"I'm having an anxiety attack."
It was my first one in what seemed like months. I could barely keep from crying as I blurted those words out while on the phone with my mom.
"Take long, deep breaths. Focus on your breathing. You need to breathe," she said, knowing I'd pass out if I kept hyperventilating.
I was racing back to the Donald Tucker Civic Center for an FSU basketball game, after being informed that my purse was too big. The game was about to start and my boyfriend had been saving me a seat alongside his friends, and I had to walk three blocks by myself in the cold.
I was already stressed about having to drive to the Civic Center by myself, since I had never been. I couldn't find parking anywhere close enough, so I trudged along in the 40 degree weather, miserable and cold. Upon arrival, I was informed that my purse was "too big" and I wouldn't be allowed inside.
Suddenly, it felt like everyone was looking at me, whispering to each other, pointing out that I wouldn't be able to go into the game. It felt like I had a giant neon sign above my head that said "Mock Me."
It really wasn't a big deal. Looking back at it, I overreacted. I called my boyfriend, cussing and on the verge of tears, telling him that I was done, I was going home, and I spat out "have fun with your friends" as if this was all his fault.
After I had called my mom and she had talked me through my anxiety attack, I texted my boyfriend and immediately apologized. "I'm so sorry baby, I was just freaking out. I'm really sorry, I promise I'm not mad at you."
Dating with anxiety is not an easy feat to accomplish. Just when you think you've got a handle on things, one minor inconvenience sends you into a frenzy, feeling like everything is your fault and everyone is bothered by your presence. Anxiety isn't always watching paperwork pile up on your desk and deadlines approaching. It's walking into a crowded restaurant and not being able to hold your head up and look around at people.
For the longest time, I always thought my boyfriend would get bored of hanging out with me for long periods of time. We went for a hike with my dog on a nice Sunday afternoon, and upon our return home, he said he was going to hang out with his friends and watch some football. I broke down, sobbing, begging for him not to leave me.
It could all be separation anxiety, which I first experienced as a child, visiting my father's house on weekends while I cried and pleaded to see my mother. It wasn't anything against my father; I was just so used to always being with my mother, that without her, I couldn't function.
Now, I don't like to be alone. I like alone time where I can clean and write and gather my thoughts, but after a few hours, it feels like no one wants to talk to me, or to hang out with me, and everyone acts like I don't exist. So I begin to panic, and stress that this is how it ends for me- all alone, with nothing and no one.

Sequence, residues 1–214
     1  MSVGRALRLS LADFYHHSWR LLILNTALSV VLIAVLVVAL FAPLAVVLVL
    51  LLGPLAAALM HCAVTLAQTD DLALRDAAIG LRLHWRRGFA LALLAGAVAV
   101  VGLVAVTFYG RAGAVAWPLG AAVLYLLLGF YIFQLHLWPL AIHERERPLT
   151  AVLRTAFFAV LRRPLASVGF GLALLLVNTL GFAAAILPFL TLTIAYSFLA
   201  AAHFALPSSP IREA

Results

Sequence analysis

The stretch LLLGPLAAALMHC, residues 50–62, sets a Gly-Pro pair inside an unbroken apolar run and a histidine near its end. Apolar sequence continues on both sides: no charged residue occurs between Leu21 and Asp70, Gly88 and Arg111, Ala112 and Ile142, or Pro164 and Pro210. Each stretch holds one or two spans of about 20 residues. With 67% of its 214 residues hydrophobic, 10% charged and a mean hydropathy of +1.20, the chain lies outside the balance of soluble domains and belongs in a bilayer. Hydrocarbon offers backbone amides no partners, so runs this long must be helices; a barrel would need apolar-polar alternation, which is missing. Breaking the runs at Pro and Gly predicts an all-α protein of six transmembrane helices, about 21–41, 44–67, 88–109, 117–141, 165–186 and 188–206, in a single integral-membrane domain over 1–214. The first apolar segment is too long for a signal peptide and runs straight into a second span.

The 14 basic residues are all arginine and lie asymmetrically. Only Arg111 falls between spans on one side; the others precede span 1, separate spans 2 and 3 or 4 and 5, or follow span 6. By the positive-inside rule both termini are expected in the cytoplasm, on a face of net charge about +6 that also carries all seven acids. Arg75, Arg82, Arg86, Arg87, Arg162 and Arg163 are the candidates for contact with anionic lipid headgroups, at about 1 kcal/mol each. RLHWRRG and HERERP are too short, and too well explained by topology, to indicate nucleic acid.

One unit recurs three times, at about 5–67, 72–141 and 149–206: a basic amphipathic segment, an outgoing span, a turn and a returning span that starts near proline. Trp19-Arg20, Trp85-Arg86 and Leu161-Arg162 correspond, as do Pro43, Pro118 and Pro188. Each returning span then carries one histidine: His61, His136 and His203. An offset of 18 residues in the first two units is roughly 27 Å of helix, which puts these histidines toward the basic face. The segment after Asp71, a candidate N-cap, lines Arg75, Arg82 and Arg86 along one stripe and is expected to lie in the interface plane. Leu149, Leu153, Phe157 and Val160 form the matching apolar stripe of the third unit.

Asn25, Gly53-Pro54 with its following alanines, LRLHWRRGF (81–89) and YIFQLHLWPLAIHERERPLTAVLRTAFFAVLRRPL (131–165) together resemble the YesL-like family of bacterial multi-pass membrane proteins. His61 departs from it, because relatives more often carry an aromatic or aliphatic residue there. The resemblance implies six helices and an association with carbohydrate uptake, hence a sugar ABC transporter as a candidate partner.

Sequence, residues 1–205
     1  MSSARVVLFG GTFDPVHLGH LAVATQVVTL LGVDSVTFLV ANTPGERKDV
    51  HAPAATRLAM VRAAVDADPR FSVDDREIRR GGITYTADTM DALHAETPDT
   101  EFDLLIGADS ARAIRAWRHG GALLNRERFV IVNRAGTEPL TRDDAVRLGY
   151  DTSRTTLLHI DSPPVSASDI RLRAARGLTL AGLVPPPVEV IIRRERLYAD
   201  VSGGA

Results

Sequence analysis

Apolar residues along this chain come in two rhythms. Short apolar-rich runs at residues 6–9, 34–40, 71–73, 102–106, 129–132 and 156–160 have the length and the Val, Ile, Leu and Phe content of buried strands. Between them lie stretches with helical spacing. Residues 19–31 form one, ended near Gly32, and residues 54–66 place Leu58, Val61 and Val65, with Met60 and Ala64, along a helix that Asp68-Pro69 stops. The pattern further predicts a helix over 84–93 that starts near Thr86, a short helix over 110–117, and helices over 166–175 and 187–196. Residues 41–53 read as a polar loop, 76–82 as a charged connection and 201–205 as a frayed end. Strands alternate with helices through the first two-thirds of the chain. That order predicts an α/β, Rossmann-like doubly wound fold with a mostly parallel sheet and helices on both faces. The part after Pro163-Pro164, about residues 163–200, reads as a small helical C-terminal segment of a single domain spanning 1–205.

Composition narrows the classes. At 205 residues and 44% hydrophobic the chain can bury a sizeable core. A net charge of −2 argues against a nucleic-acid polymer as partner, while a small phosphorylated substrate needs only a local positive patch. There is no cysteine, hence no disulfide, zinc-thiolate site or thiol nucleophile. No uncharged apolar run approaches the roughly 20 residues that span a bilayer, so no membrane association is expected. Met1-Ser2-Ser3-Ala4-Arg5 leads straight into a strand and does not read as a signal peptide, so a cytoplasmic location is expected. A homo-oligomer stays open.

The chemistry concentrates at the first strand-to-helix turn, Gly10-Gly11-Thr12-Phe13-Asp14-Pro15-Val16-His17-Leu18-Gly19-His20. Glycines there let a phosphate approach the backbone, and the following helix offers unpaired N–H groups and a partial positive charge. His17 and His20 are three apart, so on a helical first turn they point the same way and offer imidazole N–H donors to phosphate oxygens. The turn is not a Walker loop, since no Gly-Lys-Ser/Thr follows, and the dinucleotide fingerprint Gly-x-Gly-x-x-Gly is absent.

Anxiety, for me, is this constant, overwhelming feeling in the back of my head, that everything is a lie and everything is far worse than it seems. It makes me have irrational fears, like being late to anything, or that everyone is staring at me and can see my fear of being alone.
It's almost embarrassing to have an anxiety attack while in a relationship. It's like a back-handed slap to the face of the person you're with, saying that you don't feel safe or comfortable with them, which isn't necessarily true. When my boyfriend asks me to meet him somewhere after work, I can feel knots in my chest because I know I'll have to look for him when I get there. I know that people are going to look at me and realize I'm lost, and talk about me under their breaths.
He's tried to talk me through it, often trying to make light of it with some jokes, but he doesn't understand that this isn't something I can click on and off. Anytime we have to go into a crowded place, I always make him go in first, so I can keep my gaze low and not have to look anyone in the face.
For Halloween, I wore a bandana around my nose and mouth, which surprisingly gave me confidence, and allowed me to lead the way through the crowd at a party, with my head held high, making sure to make eye contact with everyone. It was like I could hide my anxiety and fears behind that piece of cloth, even though there was no reason to cower in a corner with my head covered.
I know many people that have got a grip on their anxiety, and they've found a way to keep it level and not freak out every time something goes wrong. I've used the grounding technique, where you look around and name five things you can see, four things you can touch, three things you can hear, two things you can smell, and one thing you can taste, and it's helped me through some of my more mild anxiety attacks.
Anxiety is so much more than just a term for "freaking out" that people throw around. It's something I've had since I was a kid, and I'll need to learn to overcome it before it consumes me.